How to stop employees stealing data

Beware of insider threats

How to stop employees stealing data

No matter how much companies safeguard their information system from external attacks, employees remain the biggest threat to data security. In 2018, a study by Verizon showed 28% of data security violations were insider jobs.

While most data breaches occur because of employee negligence, such as failing to keep usernames and passwords secure, there have been cases of rogue employees using their privileges to steal corporate or client information.

Last week, an employee of Desjardins, the largest association of credit unions in North America, was arrested for allegedly collecting the information of 2.9 million customers in Canada and handing them over to a third party. The employee has since been terminated for the “unauthorized and illegal use of internal data,” Desjardins said.

The stolen data reportedly included personal information, such as names, addresses, birth dates, and social insurance numbers, as well as the transaction histories of members.

The incident is by far one of the largest data breaches against a Canadian financial institution, yet it took only a single employee to compromise the data.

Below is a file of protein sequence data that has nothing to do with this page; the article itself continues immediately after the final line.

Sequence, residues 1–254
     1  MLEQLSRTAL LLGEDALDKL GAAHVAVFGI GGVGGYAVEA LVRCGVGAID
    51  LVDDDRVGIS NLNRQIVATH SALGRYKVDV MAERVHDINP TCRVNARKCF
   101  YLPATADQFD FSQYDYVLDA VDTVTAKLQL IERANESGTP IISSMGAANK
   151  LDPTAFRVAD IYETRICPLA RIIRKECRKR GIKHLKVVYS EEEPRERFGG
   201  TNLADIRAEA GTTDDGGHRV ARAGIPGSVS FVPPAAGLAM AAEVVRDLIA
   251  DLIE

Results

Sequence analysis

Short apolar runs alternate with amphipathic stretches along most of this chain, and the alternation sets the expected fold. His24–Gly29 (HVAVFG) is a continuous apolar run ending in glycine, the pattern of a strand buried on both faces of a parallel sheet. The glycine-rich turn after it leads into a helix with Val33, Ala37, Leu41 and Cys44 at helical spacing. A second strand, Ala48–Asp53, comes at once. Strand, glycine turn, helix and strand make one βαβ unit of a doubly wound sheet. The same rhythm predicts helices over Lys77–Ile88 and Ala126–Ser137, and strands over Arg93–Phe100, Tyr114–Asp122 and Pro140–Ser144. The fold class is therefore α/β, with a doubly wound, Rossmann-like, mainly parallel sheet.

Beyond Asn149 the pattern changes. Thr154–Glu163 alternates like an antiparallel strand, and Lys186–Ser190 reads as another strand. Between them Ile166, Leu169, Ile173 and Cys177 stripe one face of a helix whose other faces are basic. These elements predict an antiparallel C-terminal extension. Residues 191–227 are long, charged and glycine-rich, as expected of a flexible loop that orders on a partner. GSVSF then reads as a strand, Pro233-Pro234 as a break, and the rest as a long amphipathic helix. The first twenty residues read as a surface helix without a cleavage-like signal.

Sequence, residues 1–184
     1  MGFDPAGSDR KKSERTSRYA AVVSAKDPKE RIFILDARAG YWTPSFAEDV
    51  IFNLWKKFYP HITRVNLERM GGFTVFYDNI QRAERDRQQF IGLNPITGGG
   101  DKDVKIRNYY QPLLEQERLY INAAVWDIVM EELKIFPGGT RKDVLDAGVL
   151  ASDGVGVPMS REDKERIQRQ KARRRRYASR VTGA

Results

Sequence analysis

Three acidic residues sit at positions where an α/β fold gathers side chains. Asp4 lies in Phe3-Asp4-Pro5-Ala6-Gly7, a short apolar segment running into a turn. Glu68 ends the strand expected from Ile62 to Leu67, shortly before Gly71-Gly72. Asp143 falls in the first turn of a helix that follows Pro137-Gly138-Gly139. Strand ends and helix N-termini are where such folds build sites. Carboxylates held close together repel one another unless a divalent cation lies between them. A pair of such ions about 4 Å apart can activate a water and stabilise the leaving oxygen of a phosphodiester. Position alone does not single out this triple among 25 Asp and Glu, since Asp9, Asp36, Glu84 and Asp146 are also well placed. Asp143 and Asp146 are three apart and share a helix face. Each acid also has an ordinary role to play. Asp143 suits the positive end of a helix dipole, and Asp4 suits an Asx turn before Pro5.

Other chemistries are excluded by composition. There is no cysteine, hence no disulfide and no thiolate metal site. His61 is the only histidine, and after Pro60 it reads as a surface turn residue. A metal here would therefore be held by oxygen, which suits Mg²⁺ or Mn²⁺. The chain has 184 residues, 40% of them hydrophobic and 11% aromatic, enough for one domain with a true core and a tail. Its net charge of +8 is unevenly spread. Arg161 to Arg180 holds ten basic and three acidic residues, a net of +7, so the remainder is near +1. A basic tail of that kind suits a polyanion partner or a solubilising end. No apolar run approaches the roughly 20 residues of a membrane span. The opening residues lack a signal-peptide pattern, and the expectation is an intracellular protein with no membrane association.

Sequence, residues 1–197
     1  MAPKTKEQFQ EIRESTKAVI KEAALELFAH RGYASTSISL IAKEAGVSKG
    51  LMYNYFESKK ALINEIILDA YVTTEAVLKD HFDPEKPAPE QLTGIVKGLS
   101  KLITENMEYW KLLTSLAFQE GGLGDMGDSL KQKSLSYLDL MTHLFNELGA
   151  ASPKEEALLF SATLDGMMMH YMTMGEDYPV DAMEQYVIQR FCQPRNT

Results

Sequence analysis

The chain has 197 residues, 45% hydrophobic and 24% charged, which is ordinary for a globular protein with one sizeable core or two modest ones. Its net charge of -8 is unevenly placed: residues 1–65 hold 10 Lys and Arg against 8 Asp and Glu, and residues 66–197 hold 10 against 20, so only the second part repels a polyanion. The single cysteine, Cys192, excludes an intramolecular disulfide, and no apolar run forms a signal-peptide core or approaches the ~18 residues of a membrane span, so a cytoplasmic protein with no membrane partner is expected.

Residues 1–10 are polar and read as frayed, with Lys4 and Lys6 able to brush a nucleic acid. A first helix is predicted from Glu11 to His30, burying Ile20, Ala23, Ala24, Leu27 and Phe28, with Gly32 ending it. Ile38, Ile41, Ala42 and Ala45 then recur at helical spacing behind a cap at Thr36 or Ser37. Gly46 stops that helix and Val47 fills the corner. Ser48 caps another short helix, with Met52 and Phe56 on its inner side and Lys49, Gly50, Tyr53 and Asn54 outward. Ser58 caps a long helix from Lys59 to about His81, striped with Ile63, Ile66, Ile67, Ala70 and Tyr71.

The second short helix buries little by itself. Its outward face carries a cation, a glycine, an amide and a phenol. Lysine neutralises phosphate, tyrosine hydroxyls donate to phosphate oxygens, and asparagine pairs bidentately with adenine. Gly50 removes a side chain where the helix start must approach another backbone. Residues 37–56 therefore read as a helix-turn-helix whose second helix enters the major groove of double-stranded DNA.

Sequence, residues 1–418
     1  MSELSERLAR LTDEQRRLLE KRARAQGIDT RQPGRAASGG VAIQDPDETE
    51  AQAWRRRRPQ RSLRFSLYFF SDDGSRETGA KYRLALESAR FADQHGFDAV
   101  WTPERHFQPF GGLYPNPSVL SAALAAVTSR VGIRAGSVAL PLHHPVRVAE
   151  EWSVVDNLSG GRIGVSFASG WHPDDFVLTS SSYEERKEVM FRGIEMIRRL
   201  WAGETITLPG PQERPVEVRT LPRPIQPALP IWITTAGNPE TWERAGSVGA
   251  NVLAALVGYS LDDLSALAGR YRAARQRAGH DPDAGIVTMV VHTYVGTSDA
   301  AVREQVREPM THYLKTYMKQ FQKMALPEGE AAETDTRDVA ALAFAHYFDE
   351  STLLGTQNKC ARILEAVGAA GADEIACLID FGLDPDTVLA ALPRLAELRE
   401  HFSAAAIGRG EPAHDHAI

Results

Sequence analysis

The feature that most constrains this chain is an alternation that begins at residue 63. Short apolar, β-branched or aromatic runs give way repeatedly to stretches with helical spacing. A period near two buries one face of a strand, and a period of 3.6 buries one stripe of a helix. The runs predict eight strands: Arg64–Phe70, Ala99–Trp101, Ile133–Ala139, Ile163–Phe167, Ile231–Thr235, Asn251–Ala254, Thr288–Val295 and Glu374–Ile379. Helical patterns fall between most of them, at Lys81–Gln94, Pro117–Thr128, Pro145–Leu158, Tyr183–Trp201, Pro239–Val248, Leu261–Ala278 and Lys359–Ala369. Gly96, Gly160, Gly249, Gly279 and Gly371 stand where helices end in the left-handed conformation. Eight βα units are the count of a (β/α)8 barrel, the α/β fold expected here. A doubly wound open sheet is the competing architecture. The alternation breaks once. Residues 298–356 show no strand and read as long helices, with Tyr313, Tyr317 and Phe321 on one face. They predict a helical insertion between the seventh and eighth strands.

How to combat insider data theft
The first step to preventing insider threats is to limit the type of access employees and managers have to corporate and employee files.

This means creating a hierarchy among staff to determine who should have administrator login and, consequently, greater control over data storage and transfer.

To protect the most sensitive information, organizations should require multiple admins to sign off on data requests in order to regulate access. Without proper clearance and justification for the access, staff are prohibited from viewing or downloading any item from the company’s files.

Regulating access will also help managers monitor transactions more closely. Any staff member who gains permission to manage the files can easily be held accountable for any data loss or breach.

“A business should organize itself and structure itself so employees have access to the data they need, but no more,” data law expert Bradley Freedman told HRD.

“You shouldn’t have one big network where everyone can access everything. It should be all be segregated and locked down, with technological measures that do that.”

Most importantly, HR, IT and compliance teams should look into educating all employees about the proper management of files, as well as implementing rules, protocols and sanctions against those who are found to be compromising data.

“Organizations ought to have an incident response plan and a designated team – a trained and tested team and plan – so that they’re ready to respond immediately,” Freedman said.

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